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Veterans program holds promise

We believe the Denton County Veterans Treatment Court Program — which is finally starting to become active — could provide a lifeline for some veterans.

The program was approved by county commissioners in 2009. It is designed to help veterans find a way to deal with the abusive behavior, run-ins with the law and other fallout from the mental and physical trauma they suffered in combat.

The Denton County program is modeled after a successful program in Tarrant County that’s designed as a collaborative process between the court, defense counsel and prosecutors to treat combat-related mental illnesses that lead to a veteran’s criminal behavior.

Veterans who successfully complete the program could have his or her case dismissed by the district attorney’s office, First Assistant District Attorney Jamie Beck told us. The majority of crimes handled through the program will be drug- and alcohol-related, with some possible violence charges.

But no violators will get a free pass, according to County Criminal Court No. 3 Judge David Garcia, who will be hearing the cases. Garcia assured us that the program is very intense, and a participant will be closely monitored to keep him or her on track.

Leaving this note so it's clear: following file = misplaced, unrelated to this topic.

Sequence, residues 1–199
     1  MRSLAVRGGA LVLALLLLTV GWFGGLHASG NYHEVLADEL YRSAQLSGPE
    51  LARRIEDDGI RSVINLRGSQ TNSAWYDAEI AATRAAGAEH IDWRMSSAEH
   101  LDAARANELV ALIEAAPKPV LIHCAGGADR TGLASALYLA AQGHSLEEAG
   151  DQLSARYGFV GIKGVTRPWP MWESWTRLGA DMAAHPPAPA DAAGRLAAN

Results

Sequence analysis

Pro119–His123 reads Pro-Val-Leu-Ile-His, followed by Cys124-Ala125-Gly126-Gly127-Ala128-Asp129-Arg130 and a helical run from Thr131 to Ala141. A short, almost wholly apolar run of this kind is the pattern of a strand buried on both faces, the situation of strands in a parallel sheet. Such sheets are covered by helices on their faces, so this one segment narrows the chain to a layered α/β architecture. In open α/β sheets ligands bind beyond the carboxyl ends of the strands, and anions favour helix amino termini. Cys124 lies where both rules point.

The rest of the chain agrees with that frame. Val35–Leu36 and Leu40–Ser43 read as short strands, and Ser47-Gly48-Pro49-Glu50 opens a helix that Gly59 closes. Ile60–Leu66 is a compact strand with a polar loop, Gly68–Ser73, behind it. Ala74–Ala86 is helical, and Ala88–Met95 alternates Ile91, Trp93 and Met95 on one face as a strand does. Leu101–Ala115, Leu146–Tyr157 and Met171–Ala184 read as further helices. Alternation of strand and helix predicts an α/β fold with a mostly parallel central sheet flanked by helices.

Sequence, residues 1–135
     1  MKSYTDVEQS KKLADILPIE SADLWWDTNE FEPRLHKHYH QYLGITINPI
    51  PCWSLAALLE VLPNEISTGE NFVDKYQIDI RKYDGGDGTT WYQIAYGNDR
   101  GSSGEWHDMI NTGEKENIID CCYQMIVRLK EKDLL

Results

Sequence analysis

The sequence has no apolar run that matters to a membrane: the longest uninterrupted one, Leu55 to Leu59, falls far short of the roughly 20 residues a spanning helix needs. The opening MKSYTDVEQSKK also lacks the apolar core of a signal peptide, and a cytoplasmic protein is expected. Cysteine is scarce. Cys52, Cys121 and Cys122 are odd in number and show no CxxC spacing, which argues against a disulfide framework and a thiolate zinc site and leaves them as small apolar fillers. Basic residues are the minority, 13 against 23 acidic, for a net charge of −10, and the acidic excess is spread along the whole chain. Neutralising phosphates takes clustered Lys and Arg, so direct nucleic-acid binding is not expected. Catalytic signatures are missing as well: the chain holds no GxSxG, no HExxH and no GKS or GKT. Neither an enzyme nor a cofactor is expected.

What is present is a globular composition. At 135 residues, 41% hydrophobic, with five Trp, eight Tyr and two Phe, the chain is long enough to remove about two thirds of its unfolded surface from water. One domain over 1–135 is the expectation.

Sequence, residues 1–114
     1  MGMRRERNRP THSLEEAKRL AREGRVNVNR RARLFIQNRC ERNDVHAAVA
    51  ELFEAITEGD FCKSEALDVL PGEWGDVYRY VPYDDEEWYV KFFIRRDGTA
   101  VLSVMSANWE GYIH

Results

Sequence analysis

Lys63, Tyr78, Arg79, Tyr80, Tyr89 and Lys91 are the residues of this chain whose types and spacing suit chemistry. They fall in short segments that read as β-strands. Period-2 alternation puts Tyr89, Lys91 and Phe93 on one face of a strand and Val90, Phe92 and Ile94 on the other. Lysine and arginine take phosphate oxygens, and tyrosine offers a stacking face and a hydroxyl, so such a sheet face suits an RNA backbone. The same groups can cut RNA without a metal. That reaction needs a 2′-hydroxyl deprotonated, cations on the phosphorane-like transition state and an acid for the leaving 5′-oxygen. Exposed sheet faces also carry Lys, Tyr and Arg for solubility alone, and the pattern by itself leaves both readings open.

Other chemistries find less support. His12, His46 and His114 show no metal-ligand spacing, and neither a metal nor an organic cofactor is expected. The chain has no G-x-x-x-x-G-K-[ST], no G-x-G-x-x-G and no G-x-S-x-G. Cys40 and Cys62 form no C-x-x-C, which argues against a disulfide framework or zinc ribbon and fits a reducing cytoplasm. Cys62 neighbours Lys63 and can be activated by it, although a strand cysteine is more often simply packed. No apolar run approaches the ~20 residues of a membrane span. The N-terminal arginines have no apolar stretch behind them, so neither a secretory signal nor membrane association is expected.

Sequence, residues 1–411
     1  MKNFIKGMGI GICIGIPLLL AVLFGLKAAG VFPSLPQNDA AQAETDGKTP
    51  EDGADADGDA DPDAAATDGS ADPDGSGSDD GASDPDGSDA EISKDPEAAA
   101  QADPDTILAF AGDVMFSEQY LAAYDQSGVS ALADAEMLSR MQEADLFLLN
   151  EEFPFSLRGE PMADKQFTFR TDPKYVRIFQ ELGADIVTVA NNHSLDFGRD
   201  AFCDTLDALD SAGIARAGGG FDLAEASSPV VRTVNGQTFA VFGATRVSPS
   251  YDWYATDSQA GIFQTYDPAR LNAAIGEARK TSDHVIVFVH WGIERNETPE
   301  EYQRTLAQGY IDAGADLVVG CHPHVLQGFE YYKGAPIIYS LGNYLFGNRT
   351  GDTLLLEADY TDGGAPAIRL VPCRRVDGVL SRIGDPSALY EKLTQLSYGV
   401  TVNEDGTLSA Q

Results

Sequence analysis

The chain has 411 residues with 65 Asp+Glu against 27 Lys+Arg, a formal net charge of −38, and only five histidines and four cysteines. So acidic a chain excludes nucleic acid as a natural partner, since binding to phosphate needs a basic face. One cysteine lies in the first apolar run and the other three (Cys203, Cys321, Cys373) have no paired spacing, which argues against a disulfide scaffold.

The program also requires victim consent, and only a handful of cases will be taken. A rigorous screening process will have to be completed. All combat veterans won’t qualify, and certain crimes — including violent offenses, crimes against children and sexual offenses — won’t be accepted.

District Attorney Paul Johnson’s office and the probation department will work together to screen cases and determine which veterans will respond to the program, officials told us. Veterans must be either suffering from a brain injury, mental illness or mental disorder, including post-traumatic stress disorder, as a result of their military service, Beck said.

Once the veteran is screened and accepted into the program, he or she must attend weekly meetings in a courtroom, closed for confidentiality purposes. The program involves three stages, and all cases will be deferred depending on the length of time needed to graduate.

As long as the proper safeguards remain in place and are strictly enforced, we believe the program offers a potential way to reach and help some veterans who might be lost otherwise.

The Texas Legislature passed provisions for veterans court programs in 2009, and at least 10 counties across the state have established them.

Upon entering the program, veterans sign a waiver pleading guilty to their offense, and if a veteran drops out, he or she will have to follow the regular legal system guidelines.

So far, Denton County has one person who passed the initial screening process and has started the program. We hope that person finds success.

We also hope the program will show other veterans that we appreciate their service and want to help them in return.

Considering what they have done for us, it’s the least we can do.